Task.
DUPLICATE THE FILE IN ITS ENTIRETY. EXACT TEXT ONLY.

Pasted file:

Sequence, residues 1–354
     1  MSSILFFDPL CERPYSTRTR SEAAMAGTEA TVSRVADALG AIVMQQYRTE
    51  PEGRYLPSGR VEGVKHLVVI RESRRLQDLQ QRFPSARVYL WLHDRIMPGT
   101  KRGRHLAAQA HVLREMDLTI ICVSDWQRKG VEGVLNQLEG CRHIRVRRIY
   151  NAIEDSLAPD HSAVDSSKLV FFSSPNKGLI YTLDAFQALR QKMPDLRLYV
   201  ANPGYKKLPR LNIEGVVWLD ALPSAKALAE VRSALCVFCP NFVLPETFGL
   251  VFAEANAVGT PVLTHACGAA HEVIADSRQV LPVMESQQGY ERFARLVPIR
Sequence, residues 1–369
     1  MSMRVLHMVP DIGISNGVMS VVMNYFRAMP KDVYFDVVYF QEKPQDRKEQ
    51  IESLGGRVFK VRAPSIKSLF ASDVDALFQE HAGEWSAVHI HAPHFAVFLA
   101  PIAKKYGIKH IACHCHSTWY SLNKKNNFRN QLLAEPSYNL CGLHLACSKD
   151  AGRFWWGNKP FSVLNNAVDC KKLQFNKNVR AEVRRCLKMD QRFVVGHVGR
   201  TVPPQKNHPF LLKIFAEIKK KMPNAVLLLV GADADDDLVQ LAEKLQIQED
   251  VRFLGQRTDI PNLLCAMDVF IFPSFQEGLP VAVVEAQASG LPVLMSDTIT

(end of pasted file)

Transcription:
Sequence, residues 1–354
     1  MSSILFFDPL CERPYSTRTR SEAAMAGTEA TVSRVADALG AIVMQQYRTE
    51  PEGRYLPSGR VEGVKHLVVI RESRRLQDLQ QRFPSARVYL WLHDRIMPGT
   101  KRGRHLAAQA HVLREMDLTI ICVSDWQRKG VEGVLNQLEG CRHIRVRRIY
   151  NAIEDSLAPD HSAVDSSKLV FFSSPNKGLI YTLDAFQALR QKMPDLRLYV
   201  ANPGYKKLPR LNIEGVVWLD ALPSAKALAE VRSALCVFCP NFVLPETFGL
   251  VFAEANAVGT PVLTHACGAA HEVIADSRQV LPVMESQQGY ERFARLVPIR
Sequence, residues 1–369
     1  MSMRVLHMVP DIGISNGVMS VVMNYFRAMP KDVYFDVVYF QEKPQDRKEQ
    51  IESLGGRVFK VRAPSIKSLF ASDVDALFQE HAGEWSAVHI HAPHFAVFLA
   101  PIAKKYGIKH IACHCHSTWY SLNKKNNFRN QLLAEPSYNL CGLHLACSKD
   151  AGRFWWGNKP FSVLNNAVDC KKLQFNKNVR AEVRRCLKMD QRFVVGHVGR
   201  TVPPQKNHPF LLKIFAEIKK KMPNAVLLLV GADADDDLVQ LAEKLQIQED
   251  VRFLGQRTDI PNLLCAMDVF IFPSFQEGLP VAVVEAQASG LPVLMSDTIT